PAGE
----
You didn't really think that was my last entry, did you? This whole blog was about my 10-year reunion, so it would be hard to justify leaving that part out.
The only reason it's taken me so long to post an actual final entry is my continuing work for Michael Bluejay, and my recent discovery that videos of every Siskel & Ebert review (and Roeper, if you're into that kind of thing) starting in 1986 are now available online. It's easily the best thing on the internet.
Also, everything I was writing for this entry felt flat. The problem is, I already know what happened. I won't gain nearly as much information by writing this entry as you will by reading it, which probably makes it more exciting for you.
I thought about not going to the reunion, out of fear that I'd made too big a deal about the reunion with too little to show for it. Then I thought, well, I'm in Richardson, I dragged my girlfriend out here, I did build a lot of anticipation about this, so why not go? Frankly, it could have seemed like a cop-out not to go. "After all this, you didn't even go?!" is a comment I could imagine appearing under my entry called, "Well, I didn't go to the reunion, ultimately."
But I did go to the reunion, which spanned two nights, though not without a break. Part one started Friday night with a football game. I'd never been to a high school football game before, so I didn't know how to get there. Which was fine, since hardly anybody bothered with that, and the reunion began at Fox and Hound, a 5-acre bar that was bigger than any bar I've seen in Manhattan.
I knew that Nick Stevens wasn't going to be there. Since he was the person I most wanted to see, I was disappointed, but it also added to my acute anxiety. Nick Stevens, though he didn't realize it, would have been my support system in case of a not-beating-Jeremy-Coon worse-case-scenario emergency. That emergency did exist (in my head, at least), but then I ran into Luc Giambasu and Nick Benoit, who eased my concerns, to an extent. Nick Benoit thought I shouldn't worry, since everyone thought my beating Jeremy Coon quest was a joke. I'd imagined that everyone at the reunion would have read my blog and be expecting some kind of High Noon-esque standoff, so this was comforting to hear.
Here I am in a rare profile shot, with Nick Benoit.
Luc was a little more cynical, saying he thought I'd put myself out there a bit too much with the blog, presumably suggesting that I might have invited disaster. He was a bit of a nay-sayer from the beginning; when I'd told him about the blog early on, he objected, saying, "Nobody from Berkner should have a blog called 'Beat Jeremy Coon'." I agreed with his point, except for one exception. Me.
Here I am with Luc and two people I don't know.
At this point, I was hoping Jeremy Coon wouldn't show up. Then Nick Benoit saw him. "Are you going to talk to him?" Nick asked. I knew I'd probably have to. And I had reason to believe Jeremy Coon wouldn't be hostile, despite all this blog rigmarole. Last year I'd become MySpace friends with him, and even sent him one message, to which he'd responded kindly. "Ahh, he's so nice," I thought. "I can't beat this guy." And so I made a point of not beating him, for fear of appearing rude. So there was no real reason for him to have a grudge. Nevertheless, I was afraid I'd created an awkward situation.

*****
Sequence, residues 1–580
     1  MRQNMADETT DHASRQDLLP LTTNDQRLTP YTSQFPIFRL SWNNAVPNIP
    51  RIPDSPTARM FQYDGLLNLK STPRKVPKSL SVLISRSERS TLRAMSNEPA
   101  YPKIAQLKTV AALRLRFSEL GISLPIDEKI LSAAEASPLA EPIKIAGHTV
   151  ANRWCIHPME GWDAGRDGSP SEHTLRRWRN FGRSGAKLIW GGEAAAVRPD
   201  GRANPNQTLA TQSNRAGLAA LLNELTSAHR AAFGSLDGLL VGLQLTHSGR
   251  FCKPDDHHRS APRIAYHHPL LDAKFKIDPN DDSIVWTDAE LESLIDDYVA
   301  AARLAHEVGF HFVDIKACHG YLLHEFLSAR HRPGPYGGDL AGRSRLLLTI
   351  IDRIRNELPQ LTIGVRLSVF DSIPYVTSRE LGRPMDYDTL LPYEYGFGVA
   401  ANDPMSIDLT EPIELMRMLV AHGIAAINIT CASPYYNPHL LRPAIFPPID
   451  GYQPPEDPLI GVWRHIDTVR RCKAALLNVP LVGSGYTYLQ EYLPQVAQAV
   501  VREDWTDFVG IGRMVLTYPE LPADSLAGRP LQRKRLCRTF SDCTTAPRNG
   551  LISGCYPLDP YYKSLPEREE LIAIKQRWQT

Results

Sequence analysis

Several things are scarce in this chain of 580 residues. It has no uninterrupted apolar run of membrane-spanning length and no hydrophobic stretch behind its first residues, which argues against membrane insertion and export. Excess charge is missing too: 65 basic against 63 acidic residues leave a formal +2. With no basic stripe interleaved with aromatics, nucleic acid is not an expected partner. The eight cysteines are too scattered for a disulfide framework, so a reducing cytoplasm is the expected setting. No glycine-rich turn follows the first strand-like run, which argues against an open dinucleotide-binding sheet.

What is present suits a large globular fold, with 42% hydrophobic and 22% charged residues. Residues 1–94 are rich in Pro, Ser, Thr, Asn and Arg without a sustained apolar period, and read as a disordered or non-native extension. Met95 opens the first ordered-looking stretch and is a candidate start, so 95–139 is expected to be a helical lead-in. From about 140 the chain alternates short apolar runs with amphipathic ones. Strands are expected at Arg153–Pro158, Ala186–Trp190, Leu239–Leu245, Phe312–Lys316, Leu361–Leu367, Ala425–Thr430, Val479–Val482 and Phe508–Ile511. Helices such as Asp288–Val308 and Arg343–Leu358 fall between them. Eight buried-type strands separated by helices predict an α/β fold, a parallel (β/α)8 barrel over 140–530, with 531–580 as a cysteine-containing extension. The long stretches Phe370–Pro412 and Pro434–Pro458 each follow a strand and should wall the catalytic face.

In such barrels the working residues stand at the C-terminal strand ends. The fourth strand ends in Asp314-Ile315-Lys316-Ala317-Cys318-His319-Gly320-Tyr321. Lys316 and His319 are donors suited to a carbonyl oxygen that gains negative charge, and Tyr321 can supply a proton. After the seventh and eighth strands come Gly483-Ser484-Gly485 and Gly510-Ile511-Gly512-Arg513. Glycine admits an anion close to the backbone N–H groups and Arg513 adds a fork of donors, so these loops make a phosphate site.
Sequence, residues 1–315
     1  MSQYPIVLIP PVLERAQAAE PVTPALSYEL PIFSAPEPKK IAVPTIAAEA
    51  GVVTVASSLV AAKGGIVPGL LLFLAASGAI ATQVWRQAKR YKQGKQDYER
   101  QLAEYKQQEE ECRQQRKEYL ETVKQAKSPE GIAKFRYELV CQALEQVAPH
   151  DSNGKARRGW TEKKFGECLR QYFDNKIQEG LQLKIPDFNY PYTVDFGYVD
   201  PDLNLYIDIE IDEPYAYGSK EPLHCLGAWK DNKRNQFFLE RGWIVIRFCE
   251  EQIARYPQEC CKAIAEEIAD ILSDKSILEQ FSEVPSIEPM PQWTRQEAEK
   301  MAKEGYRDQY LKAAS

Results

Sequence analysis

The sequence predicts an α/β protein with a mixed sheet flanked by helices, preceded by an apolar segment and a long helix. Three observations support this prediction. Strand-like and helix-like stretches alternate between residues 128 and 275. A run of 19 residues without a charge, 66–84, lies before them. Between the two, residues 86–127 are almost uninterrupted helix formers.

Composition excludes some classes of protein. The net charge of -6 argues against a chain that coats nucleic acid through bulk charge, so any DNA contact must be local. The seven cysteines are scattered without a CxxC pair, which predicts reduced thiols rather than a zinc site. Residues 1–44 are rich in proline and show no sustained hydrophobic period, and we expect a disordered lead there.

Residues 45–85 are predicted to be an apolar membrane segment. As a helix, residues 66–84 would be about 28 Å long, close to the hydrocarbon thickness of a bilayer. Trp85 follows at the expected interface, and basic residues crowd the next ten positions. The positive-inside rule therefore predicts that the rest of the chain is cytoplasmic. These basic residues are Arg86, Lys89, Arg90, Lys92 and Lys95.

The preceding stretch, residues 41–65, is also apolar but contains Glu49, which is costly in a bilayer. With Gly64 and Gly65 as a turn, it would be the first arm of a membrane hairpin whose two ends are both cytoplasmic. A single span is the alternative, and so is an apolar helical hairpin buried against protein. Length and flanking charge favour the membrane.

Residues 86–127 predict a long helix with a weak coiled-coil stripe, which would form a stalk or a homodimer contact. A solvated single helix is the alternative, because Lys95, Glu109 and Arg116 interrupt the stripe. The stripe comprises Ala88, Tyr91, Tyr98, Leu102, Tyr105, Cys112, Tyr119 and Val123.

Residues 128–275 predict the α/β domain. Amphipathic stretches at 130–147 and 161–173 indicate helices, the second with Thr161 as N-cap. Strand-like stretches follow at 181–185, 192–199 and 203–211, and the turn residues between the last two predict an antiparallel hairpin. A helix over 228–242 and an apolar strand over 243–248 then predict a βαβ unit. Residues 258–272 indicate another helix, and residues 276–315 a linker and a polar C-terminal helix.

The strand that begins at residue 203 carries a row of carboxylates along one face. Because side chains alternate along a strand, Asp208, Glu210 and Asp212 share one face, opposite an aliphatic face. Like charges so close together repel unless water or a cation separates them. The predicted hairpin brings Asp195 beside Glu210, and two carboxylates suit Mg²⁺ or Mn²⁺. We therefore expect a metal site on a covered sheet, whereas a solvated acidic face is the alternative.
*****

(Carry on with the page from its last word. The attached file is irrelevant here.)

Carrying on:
So I tried to avoid Jeremy Coon at first. I was sitting with Luc and Nick in the main area of the bar as Jeremy Coon was in line for the private side room devoted to the reunion. "Aha. I'll wait for a while, then get in line, and he won't see me," I thought. I did just that, but the line was moving so slowly that when I got in line, I was still in eye-shot of Jeremy Coon. I was too afraid to look, but Nicole said he saw me.
I tried to look busy so I wouldn't have to look back, by talking to people in line with me. Wouldn't you know it? Hilary Bryant, whom you may remember from a BJC Exclusive Interview, was right in front of me in line.
And Nick Hasegawa, whom you won't remember but I did, was right behind me.
But talking to them was merely delaying the inevitable, which Nick Hasegawa pointed out. "He's a nice guy," Nick said encouragingly. "Go talk to him."
"Okay," I said. "I will."
But first I talked to my old buddy Craig Overby. For a while.
Craig was tall as ever, but was now married to - appropriately enough - someone named Whitney Overby. Craig sells medical supplies for a living.
Then I talked to Luc and Nick some more.
Luc, it turns out, is a high school Spanish teacher, and Nick works for his dad's company. I already knew that. But I was delaying.
I could have put off speaking to Jeremy Coon longer if my friend Casey McLaughlin had showed up. Casey lives in Dallas, but Nick Stevens told me Casey had said, "I'm not gonna go." Casey had hated school too much to honor the reunion with his presence, even though his occupation - testing video games - certainly would have made him one of the major success stories.
It was about time to talk to Jeremy Coon, I decided. Nicole, who is my eyes as I am her ears, saw Jeremy Coon across the room. But he was talking to a girl very intently, Nicole said. I debated whether attempting to "lip block" Jeremy Coon and this girl by approaching him at what was possibly an inopportune time. I decided against that, though, which gave me more time to gain my bearings.
Eventually Jeremy stopped talking to this girl, and was looking around the room. Looking for me, Nicole thought. So of course I stepped up.
I walked over to him, but then I realized there was a long bar cutting the room in two, and he was on the other side. I was close enough to shake his hand, but it would have been strange to do it over this obstruction. "I'll have to go around," I schemed.